To me it is unbelievable that anyone thought that crashing both the Primary and Backup systems was preferable to throwing away an invalid flight plan.


– Suramya

September 4, 2023

Mashing Enter can allow you bypass full disk encryption in certain scenarios

Filed under: Computer Security,Linux/Unix Related,My Thoughts — Suramya @ 12:30 PM

When folks think about hacking and people bypassing secure systems they have this mental image of folks writing complex code or physically reading the data byte by byte but that is not always true. Sometimes, it is as simple as just keeping the enter key pressed while the system is booting up. Yes, you read that right. A few days ago a vulnerability was found in a TPM-protected system that is configured to implement unattended unlocking for LUKS full disk encryption using RedHat’s Clevis and dracut software along with systemd.

Generally, a Linux computer using TPM-protected unattended disk encryption will still allow a user to view the output of the boot process and optionally manually enter a decryption password with the keyboard. This allows for situations where the computer fails to boot and needs someone to troubleshoot the startup process. While the unattended TPM unlocking is taking place, the user is still presented with the password prompt and an opportunity to enter input.

There’s a limited window of time before the TPM will unlock the disk and the boot process will proceed automatically to the login prompt, so how can we effectively fuzz this input opportunity? What if we could type faster than a human being? Using an Atmel ATMEGA32U4 microcontroller (such as you’d find in an Arduino Leonardo development board) we can emulate a keyboard that sends virtual keypresses at essentially the maximum rate that the computer will accept. The following short Arduino program sets up a Leonardo as a keyboard emulator:

#include "Keyboard.h"
void setup() {
void loop() {;

One second after being plugged in this program begins to simulate pressing the Enter key on a virtual keyboard every 10 milliseconds. This is about 10x faster than the usual keyboard repeat rate you’d get simply holding down a key, and Linux seems to recognise around 70 characters per second using this method, or one keypress approximately every 15 milliseconds.

Sending keypresses this fast quickly hits the maximum number of password entry retries, while keeping the system from unlocking the disk automatically due to password guess rate limiting, and systemd eventually gives up trying to unlock the disk. It takes a minute or two but the recovery action in this failure scenario is to give us a root shell in the early boot environment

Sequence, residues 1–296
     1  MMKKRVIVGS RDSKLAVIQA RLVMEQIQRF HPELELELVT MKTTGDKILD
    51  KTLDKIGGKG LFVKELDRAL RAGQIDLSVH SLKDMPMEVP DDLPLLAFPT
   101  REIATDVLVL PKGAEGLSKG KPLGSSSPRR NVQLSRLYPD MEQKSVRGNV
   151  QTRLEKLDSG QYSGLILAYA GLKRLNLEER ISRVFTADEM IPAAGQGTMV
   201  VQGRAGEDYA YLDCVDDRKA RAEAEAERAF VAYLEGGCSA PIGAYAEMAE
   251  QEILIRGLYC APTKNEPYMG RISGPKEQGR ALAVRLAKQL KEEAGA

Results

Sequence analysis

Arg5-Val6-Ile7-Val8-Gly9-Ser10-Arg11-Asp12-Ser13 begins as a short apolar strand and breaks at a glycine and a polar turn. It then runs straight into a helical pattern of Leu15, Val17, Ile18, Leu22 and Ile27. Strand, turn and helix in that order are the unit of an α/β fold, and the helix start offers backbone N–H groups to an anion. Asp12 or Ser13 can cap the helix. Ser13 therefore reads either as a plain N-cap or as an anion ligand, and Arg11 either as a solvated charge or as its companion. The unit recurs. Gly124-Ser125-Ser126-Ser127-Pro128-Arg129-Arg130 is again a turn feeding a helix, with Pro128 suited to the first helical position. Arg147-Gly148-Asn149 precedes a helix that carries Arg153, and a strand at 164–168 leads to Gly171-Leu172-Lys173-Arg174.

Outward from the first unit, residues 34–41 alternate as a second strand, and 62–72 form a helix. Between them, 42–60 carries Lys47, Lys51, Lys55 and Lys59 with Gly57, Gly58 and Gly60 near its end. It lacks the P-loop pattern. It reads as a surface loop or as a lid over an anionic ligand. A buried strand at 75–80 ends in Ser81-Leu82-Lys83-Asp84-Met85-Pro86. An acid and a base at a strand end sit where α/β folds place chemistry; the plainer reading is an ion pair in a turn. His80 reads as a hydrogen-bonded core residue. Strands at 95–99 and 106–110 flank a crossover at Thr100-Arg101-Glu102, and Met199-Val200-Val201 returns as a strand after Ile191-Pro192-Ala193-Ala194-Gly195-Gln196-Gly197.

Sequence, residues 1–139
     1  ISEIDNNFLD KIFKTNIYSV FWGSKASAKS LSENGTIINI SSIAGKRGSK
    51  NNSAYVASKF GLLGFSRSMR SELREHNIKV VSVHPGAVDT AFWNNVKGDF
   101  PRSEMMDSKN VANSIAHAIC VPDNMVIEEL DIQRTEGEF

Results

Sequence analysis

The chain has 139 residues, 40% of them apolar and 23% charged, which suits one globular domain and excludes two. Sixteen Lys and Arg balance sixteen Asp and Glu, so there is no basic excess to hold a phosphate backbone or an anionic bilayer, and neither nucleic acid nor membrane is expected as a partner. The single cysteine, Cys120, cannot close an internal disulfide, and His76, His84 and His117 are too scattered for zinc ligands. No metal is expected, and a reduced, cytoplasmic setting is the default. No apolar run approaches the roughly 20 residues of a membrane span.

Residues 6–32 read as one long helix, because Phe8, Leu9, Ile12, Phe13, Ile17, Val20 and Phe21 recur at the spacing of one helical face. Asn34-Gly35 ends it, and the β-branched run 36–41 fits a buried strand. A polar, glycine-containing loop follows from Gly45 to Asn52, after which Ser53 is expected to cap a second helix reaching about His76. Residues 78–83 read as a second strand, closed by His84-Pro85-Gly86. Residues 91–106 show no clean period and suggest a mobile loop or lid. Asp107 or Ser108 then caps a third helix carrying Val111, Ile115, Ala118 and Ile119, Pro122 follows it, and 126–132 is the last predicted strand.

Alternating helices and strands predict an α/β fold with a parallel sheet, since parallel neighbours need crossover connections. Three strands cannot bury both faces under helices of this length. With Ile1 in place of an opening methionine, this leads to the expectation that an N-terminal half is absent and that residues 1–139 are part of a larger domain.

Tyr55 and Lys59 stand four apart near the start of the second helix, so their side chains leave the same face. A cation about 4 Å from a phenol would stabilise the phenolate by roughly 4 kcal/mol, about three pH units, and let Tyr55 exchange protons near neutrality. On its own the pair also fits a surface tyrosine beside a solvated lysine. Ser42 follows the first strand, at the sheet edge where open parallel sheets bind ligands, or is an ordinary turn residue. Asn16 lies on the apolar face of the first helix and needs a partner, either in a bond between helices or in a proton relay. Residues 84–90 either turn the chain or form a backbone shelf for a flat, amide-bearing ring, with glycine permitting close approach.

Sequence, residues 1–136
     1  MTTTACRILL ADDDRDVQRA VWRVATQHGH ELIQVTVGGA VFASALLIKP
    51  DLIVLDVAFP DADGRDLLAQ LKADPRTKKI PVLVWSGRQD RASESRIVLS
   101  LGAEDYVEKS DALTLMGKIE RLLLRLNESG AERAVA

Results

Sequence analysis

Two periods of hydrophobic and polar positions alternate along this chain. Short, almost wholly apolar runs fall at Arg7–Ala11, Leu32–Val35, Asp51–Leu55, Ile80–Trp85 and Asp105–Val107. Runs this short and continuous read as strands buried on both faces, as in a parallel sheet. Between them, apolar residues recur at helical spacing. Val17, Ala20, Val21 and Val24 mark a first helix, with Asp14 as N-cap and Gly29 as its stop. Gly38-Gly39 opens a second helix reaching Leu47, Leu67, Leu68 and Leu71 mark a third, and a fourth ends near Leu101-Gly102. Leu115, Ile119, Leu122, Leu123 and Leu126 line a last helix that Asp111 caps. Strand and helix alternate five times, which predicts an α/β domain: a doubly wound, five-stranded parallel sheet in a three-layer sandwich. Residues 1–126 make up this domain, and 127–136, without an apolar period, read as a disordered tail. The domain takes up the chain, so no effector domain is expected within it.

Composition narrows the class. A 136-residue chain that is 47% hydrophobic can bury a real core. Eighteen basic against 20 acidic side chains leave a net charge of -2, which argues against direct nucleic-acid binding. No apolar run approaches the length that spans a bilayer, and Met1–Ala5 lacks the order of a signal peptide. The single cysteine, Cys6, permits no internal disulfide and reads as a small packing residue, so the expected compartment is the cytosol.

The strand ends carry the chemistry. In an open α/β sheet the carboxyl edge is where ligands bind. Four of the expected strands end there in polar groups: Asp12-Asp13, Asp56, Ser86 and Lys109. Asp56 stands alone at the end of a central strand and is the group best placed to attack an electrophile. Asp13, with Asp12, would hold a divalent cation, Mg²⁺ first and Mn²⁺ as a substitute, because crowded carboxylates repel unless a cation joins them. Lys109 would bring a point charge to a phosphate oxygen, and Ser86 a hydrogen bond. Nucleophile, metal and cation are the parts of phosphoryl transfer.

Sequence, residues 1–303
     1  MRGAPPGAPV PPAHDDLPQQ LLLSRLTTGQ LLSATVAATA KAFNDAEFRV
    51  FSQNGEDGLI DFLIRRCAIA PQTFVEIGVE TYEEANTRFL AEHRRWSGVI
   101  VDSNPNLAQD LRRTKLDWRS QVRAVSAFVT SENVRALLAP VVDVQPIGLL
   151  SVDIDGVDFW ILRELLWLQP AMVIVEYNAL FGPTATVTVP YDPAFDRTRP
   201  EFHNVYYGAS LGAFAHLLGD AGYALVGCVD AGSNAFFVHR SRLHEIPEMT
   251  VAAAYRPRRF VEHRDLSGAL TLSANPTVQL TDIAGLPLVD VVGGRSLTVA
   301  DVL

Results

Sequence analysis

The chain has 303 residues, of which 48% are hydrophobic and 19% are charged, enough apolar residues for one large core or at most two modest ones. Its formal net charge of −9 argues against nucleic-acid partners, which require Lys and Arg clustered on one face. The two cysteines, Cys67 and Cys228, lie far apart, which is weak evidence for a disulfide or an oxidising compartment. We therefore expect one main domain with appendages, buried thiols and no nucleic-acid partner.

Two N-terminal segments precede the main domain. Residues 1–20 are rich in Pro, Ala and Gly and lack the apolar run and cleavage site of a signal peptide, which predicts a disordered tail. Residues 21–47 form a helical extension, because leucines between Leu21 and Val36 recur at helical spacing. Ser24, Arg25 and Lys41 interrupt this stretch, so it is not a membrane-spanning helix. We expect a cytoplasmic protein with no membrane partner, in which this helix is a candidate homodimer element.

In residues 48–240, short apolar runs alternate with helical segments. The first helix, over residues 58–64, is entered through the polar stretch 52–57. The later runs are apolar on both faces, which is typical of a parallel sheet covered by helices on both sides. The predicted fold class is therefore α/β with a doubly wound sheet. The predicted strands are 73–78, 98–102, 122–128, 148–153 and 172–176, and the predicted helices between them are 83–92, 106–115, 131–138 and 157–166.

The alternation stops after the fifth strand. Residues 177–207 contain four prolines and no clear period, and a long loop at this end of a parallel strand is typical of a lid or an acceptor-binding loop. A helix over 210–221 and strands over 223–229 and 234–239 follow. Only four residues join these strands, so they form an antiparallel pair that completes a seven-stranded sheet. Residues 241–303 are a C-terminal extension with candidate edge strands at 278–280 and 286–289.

The simplest way to address the most immediate problem: Add and rd.emergency=reboot to the kernel command line. This ensures that if anything fails during the early boot process the computer will reboot immediately rather than dropping into a root shell.

However, this goes to show us that the old statement about security is still absolutely valid: “Physical access is root access. You can’t spend thousands on protecting the cyber threat landscape and ignore physical security such that people can just walk up to your computer and stick things inside. That being said, having a physical security program doesn’t necessarily protect your from an insider threat so that is also something to keep in mind.

Source: Pulsesecurity: Mashing Enter to bypass full disk encryption with TPM, Clevis, dracut and systemd

– Suramya

September 3, 2023

Aditya-L1 Mission is a successful launch

Filed under: Astronomy / Space,My Thoughts — Suramya @ 11:59 PM

The Aditya-L1 was launched successfully on Saturday and inserted into orbit as per the plan. This is India’s first mission to study the Sun, and is a natural next step (if you think about it) after a successful moon mission. The planned duration of the mission is 5.2 years.

Was talking to Jani yesterday and she asked what the L1 point was, and I had just assumed everyone knew what it was because I knew it. But then I realized that this is not common knowledge though more people are learning about it thanks to the coverage of the Aditya-L1 mission. Basically, the definition is as below:

Lagrange points are positions in space where objects sent there tend to stay put. At Lagrange points, the gravitational pull of two large masses precisely equals the centripetal force required for a small object to move with them. These points in space can be used by spacecraft to reduce fuel consumption needed to remain in position.

To put in a simpler way, this is a place between the Earth and Sun where the gravitational pull of the sun is cancelled by the gravitational pull of the Earth. There are multiple such points around the solar system. The L1 point is approximately 1.5 million km away from Earth (about 1% of the Earth-Sun distance)

Visual depiction of Lagrange Points
Visual depiction of Lagrange Points, curtsy of ISRO